These shear rates were chosen on the basis of a detailed analysis of the experimental data as it was reasoned that the onset of transition would usually occur in the lower shear rate region. The apparent viscosity at a shear rate of 100 s^{-1} yielded the best results.

From this a trend was established between the gradient (M) and the ordinateintercept (C) values, with the apparent viscosities at the shear rate of 100 s^{-1}.

The relationship between M and the apparent viscosity at 100 s^{-1} is best approximated as follows:

The relationship between C and the apparent viscosity at 100 s^{-1} is as follows:

The value of the critical Reynolds number at the onset of transition is:

where *µ _{w}* is the viscosity of water taken as 10

^{-3}Pa.s.

The critical Reynolds number does not have a single value, but is a relationship between Reynolds number and Froude number for the specific apparent viscosity. The position of the onset of transition is given by the intersection point of the equation (Eq 15) and the laminar flow equation, i.e. *f* = 16/Re. This is an iterative process to obtain the value of the flow such that both these equations are satisfied simultaneously.

**Onset of turbulence**

The approach used above to locate the end of the laminar flow regime was paralleled to delineate the onset of turbulent conditions, reflected as another change in gradient in the Re-Fr plot, as shown in Figure 9. This corresponds to the maximum value of the Froude number. The points where the Froude number was at a maximum were connected and a linear relationship was determined.

From this a trend was established between the M and C values, and the apparent viscosity.

The best relationship was for the apparent viscosity at a shear rate of 500 s^{-1}

The value of the critical Reynolds number at the onset of "full turbulence" or the end of transition is:

This critical Reynolds number again does not have a single value, but is a relationship between Reynolds number and Froude number for the specific apparent viscosity. The position of the onset of transition is where the Re_{c(turb)} (Eq 16) intersects with the turbulent flow equation (Eq 12), slightly modified by incorporating the apparent viscosity at a shear rate of 500 s^{-1} to be consistent with the above phenomenological considerations (Haldenwang 2003). This leads to the following expression for average velocity:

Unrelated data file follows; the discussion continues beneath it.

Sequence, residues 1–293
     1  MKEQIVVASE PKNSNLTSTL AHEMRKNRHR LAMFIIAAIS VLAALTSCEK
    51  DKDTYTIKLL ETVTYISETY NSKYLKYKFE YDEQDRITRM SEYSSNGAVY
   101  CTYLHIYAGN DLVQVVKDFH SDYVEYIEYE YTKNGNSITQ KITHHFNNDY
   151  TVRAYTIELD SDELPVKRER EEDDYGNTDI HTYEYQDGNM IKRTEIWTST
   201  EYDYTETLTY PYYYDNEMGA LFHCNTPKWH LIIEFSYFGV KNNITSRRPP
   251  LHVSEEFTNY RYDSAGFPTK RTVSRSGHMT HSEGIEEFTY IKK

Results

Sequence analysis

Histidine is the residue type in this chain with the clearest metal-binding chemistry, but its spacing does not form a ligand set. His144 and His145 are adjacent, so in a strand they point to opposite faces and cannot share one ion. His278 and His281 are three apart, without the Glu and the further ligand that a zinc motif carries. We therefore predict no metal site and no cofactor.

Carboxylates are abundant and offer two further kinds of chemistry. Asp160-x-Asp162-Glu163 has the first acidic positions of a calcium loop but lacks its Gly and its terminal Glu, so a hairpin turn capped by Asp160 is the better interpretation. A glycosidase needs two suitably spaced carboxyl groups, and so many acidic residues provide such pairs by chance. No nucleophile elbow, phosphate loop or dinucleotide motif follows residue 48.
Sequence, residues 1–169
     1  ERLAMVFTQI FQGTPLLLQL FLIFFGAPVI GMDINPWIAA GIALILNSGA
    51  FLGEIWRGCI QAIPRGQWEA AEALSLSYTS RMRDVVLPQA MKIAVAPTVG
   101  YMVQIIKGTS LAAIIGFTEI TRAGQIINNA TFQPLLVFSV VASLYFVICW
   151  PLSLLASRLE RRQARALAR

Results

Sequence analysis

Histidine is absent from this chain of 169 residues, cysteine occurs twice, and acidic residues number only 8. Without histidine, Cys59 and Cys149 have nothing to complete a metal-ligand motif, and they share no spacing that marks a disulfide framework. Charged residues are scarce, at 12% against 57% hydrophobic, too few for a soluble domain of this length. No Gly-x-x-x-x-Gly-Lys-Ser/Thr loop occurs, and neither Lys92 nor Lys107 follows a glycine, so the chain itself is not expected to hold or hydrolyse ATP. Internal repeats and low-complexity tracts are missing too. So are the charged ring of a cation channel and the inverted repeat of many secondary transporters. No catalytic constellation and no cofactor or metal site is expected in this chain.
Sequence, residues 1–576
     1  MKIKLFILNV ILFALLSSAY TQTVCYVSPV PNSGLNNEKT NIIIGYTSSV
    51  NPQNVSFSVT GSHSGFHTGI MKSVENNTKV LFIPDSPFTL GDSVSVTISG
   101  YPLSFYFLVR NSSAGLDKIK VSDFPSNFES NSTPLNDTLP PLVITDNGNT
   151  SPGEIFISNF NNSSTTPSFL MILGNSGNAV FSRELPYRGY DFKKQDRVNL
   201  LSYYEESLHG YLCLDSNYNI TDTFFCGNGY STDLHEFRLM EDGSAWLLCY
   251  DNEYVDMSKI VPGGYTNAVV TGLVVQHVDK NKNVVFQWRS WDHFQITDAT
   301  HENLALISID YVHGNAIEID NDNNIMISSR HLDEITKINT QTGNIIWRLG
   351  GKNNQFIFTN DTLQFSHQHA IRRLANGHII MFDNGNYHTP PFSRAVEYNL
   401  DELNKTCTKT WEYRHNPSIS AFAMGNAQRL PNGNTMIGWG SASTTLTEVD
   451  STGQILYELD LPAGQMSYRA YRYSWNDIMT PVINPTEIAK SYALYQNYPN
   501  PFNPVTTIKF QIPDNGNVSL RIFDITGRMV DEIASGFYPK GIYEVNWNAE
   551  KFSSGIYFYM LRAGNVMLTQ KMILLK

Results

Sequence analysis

Thus the critical Reynolds number denoting the onset of turbulent flow is obtained by simultaneously solving Eq (16) and Eq (17).

Lastly, based on the above analysis together with the detailed inspection of the extensive database, it is worth reiterating the following overall trends:

In laminar flow conditions, the present extensive data for a range of fluids conform to the expected behaviour, namely,

f= 16/Re.At low concentrations (< 3% for bentonite, < 5% for kaolin and < 2% for CMC), a sudden increase in the value of the friction factor in the transition regime of Re = 2 000 to 8 000 was observed - similar to that of water - a sudden jump in a very unstable region. This sudden increase was very difficult to measure and characterise due to the inherently fluctuating and unstable nature of the flow under these conditions. With increasing flow rate, the free surface became increasingly irregular, and a point was reached where the flow height was measured on top of the irregularities which manifested as the sudden increase in friction factor to full turbulence. The more viscous the fluid, the smoother the transition region, and the lower was the critical Reynolds number where the data began to deviate from the laminar 16/Re line.

It appears from experimental evidence that the critical Reynolds number cannot be fixed to a classically narrow region as in the case of a pipe, but occurs over a much wider range of Reynolds numbers, depending on the viscous characteristics of the fluid.

This trend was consistent for three very different rheologically classified fluids, namely bentonite, kaolin and CMC.

**ILLUSTRATIVE EXAMPLES**

We conclude by demonstrating the utility of the scheme presented in this paper. Two examples in which this procedure was validated using the experimental data are presented in Figures 10 and 11. In Figure 10, 10% kaolin in a 150 mm flume at a slope of 5º is shown. Figure 11 depicts 1,5% CMC in a 300 mm flume at a 1º slope.